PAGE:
Categories: Adventure, Biking, France, Health and Fitness, Horses - Tags: Camargue, Marseilles, Rhone River
Our tour’s final ride leaves Arles on Sunday morning for a route through the Camargue; a national wildlife refuge on the Rhone River Delta. Jan and Bill report that on their scouting trip they spotted wild horses, pink flamingos, mammals related to woodchucks, storks and various birds of prey. They also passed farms where they saw the Camargue breed of bulls grazing. They’ve made an optional unpaved loop which passes two lighthouses and offers views of the Grande Rhone Delta into Mediterranean.
From the Camargue we will ferry across the Rhone and reach Port Saint Louis; where the Amadeus Symphony will be waiting with lunch in time to pack our tandems on the top deck, cruise back upriver to Arles for a farewell banquet.
Jim and I have a 6 AM flight tomorrow from Marseilles so we have to wake up at 2:45AM for a 3AM bus from Arles to the Marseilles airport. This promises to be a very full day—but I am really excited to ride and especially to see the wild horses of the Camargue. There’s a fantastic YouTube video floating around the web in which one of the Camarge cowboys harnesses up six of the grey-white ponies—two in the back and four in the front—and rides them at full gallop along the tidal surf of the delta—He rides by standing barefoot, one foot on each of the two back horses. It is extraordinary to see these beautiful beasts, flying fearlessly along the tide line, in total harmonious connection with their cowboy rider/driver. Soon, he signals to them to head into the sea and swim. The video ends with the image of the six horses heads only showing above the water line—manes wet, powerfully pulling forward, swimming in the surf, with their rider standing barefoot on the rumps of the two last horses. Clearly magical.
Do I dream of coming here to the Camargue and seeing the place where this amazing horseman and these magical horses live? Of Course! So waking in the 6 AM darkness to get up and get dressed for the day, I am SO disappointed to hear Jim croak, “I’m not riding today.” It doesn’t sound negotiable. Tandem riding is wonderful, but it does have this one major problem. It takes two riders, both desiring to ride. Suddenly, with great disappointment, I realize that we are/ I am boat bound today and my dream of riding the Camargue will not happen.
But wait, maybe somebody else on this boat, another captain of a tandem, may be hearing the same message from his stoker, that she has caught the cold that is going around everywhere and is opting out for today. I decide to “dress for the dance” even though I don’t have a dance partner or dance invitation, just in case there’s an extra captain in the dining room at breakfast. Jim encourages me to do that and after our morning ablutions, at 7 we head down for breakfast . I head straight for Bill and Jan McCready’s table to let him know I am available to stoke. Then, realizing that a river delta is going to be totally flat, I head over to find Wolgang, the German psycylist, figuring how dangerous could it be on the flats with him? But his partner is pertly dressed and ready to ride. I look around the dining room and, typical tandem style, there are pairs and pairs of matching jerseys, indicating green light for all the tandems, except in the case of those who aren’t suited up to ride at all.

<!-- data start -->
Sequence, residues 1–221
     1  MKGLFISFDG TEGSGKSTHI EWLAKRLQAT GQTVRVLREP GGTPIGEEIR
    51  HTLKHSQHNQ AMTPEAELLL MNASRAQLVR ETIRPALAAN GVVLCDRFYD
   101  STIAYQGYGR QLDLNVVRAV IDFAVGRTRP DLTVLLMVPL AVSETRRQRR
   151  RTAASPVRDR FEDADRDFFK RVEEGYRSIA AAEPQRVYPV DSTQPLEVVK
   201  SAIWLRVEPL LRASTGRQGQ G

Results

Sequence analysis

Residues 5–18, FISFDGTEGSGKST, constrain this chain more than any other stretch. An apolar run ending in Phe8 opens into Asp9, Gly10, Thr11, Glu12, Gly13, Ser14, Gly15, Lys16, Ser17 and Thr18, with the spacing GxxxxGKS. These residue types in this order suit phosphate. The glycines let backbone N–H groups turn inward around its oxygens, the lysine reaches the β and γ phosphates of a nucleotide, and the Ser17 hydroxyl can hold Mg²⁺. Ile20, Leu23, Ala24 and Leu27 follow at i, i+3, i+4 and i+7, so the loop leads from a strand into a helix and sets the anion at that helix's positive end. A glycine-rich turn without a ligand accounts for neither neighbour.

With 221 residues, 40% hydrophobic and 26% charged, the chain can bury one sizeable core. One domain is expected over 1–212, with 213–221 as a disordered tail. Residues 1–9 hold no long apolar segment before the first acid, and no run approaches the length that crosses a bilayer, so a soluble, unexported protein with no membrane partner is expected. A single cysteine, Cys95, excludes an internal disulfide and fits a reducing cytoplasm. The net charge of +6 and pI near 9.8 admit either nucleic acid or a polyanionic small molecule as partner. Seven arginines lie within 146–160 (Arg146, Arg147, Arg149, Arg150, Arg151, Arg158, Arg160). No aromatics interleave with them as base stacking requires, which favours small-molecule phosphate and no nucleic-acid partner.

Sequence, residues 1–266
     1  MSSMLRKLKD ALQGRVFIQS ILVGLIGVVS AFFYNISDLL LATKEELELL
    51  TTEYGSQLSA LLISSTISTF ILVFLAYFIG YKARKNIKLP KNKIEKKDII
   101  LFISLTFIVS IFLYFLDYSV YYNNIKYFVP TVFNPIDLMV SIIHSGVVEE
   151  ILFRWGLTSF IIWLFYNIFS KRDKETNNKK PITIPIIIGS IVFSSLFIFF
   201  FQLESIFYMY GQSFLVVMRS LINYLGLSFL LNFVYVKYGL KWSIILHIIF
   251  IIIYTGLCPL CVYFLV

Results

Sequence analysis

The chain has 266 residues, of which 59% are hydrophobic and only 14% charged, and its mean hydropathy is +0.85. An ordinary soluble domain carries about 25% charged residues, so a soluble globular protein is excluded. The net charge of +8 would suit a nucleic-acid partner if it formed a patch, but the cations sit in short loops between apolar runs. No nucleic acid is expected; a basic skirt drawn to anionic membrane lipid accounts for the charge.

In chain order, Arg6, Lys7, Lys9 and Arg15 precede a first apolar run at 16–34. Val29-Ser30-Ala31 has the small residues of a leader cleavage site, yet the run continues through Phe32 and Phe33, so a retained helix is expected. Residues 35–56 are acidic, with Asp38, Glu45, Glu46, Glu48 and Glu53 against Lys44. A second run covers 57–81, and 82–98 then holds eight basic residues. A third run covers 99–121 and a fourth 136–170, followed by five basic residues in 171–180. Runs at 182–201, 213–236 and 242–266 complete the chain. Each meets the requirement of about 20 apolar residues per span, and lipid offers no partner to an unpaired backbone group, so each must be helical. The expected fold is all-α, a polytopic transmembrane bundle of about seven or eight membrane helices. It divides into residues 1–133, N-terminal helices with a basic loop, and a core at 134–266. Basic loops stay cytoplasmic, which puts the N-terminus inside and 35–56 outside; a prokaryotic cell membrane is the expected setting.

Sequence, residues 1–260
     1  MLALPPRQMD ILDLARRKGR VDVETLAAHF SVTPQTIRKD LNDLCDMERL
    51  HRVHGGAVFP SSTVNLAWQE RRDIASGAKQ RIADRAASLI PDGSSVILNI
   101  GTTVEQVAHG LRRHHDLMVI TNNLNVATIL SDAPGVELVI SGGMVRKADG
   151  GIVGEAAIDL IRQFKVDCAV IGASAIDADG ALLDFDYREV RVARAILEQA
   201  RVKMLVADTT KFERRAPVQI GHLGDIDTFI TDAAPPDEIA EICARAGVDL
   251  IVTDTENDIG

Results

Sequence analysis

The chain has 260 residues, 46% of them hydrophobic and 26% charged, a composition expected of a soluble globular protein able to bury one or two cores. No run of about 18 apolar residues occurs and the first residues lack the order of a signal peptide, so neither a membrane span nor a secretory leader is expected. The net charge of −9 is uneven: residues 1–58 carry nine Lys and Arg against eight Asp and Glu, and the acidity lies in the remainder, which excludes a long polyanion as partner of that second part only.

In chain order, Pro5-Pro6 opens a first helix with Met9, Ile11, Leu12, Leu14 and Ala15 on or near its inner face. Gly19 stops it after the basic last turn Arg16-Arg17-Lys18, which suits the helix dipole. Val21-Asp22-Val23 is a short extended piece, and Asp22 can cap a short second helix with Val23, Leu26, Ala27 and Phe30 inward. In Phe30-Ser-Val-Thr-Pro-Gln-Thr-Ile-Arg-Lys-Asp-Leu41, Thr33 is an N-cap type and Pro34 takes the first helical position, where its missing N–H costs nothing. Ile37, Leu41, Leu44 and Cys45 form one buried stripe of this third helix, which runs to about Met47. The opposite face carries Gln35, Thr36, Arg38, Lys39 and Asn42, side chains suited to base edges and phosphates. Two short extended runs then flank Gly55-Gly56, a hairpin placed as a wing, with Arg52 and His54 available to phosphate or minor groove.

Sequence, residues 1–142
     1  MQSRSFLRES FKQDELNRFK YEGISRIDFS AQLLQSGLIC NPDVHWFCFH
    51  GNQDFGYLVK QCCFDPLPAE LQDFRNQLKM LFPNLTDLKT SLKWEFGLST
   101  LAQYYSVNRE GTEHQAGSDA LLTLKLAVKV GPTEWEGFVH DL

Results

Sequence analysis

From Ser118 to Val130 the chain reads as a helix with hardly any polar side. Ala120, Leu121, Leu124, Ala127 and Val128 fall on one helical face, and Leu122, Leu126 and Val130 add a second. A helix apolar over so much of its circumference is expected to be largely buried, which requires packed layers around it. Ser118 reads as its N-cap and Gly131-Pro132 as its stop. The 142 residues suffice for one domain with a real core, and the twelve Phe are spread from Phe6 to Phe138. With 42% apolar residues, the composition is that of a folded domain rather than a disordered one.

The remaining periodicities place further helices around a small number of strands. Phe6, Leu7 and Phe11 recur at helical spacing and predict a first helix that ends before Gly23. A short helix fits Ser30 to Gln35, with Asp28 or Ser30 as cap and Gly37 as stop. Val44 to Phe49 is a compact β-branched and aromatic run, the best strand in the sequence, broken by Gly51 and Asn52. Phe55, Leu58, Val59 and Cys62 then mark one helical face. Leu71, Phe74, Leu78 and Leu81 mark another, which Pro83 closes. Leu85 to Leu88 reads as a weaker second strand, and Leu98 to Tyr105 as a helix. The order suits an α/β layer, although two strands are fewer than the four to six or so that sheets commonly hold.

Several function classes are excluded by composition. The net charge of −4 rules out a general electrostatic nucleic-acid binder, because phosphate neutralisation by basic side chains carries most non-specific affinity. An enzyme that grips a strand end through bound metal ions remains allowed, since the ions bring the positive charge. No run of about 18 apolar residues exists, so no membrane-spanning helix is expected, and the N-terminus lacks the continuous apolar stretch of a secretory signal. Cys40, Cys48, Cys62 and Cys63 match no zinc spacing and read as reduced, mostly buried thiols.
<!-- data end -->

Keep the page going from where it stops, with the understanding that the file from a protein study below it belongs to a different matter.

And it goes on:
I circle the dining room three times, asking around and feeling exactly like an awkwardly gangly 7th grade wall flower at an excruciatingly painful school dance with no partner. Oh, well. Not meant to be. Best to make the best of it. I can write my blog and pack very calmly. As I am eating breakfast, I hear Bill pick up the microphone and announce, “Any of you captains out there without a stoker today, Harriet Wrye is a small very strong stoker, looking to ride…..” I am so embarrassed at being singled out like this, but it actually works. Loren from near Houston, Texas is hale and hearty but his wife Kelly has succumbed to the cold, probably from overstressing up Mt. Ventaux. But she DID Mt. Ventaux, and Loren looks a lot younger than me. Nevertheless, I am thrilled to be able to ride, so off I go to get my waterbottles, rain gear, camera and helmet.
Man, what a ride it was! Just about the last ones to leave the boat after adjusting the seat and pedals to fit me, and with the wrong map loaded on Loren’s Garmen GPS unit, we sail out of town in the wrong direction. Not a problem. Loren is in fine fettle and he and Kelly have a tandem microphone setup so they can talk to each other. What a great idea! Plus, they have the most comfortable bike seats I’ve ever ridden. With Loren’s youth, strength and my gratitude and gumption, we fairly fly the thirty miles across the Camargue, stopping for a few photos of horses and egrets. What a fun finale, and to boot, when we make it back to the boat at Port St. Louis, Jim has been feeling well enough to disassemble our “Pandemonium, Commotion Tandemonium” and pack her up in her two bike cases. All that remains is for us to enjoy a final delicious lunch and for me to pack up our personal gear. Soon, this amazing trip will become a shadow of a sweet tandem memory. . . .
At our farewell lunch, we just serendipitously happen to land at the “dog” table—everybody is talking about their dogs—and puppies—and this gives me a wonderful chance to refresh my rusty memories of puppy training—and to share our good news about going home to pick up our new Poodle puppy, “Monsieur Bon Bon de Beau Beaune” this week, or Beau for short!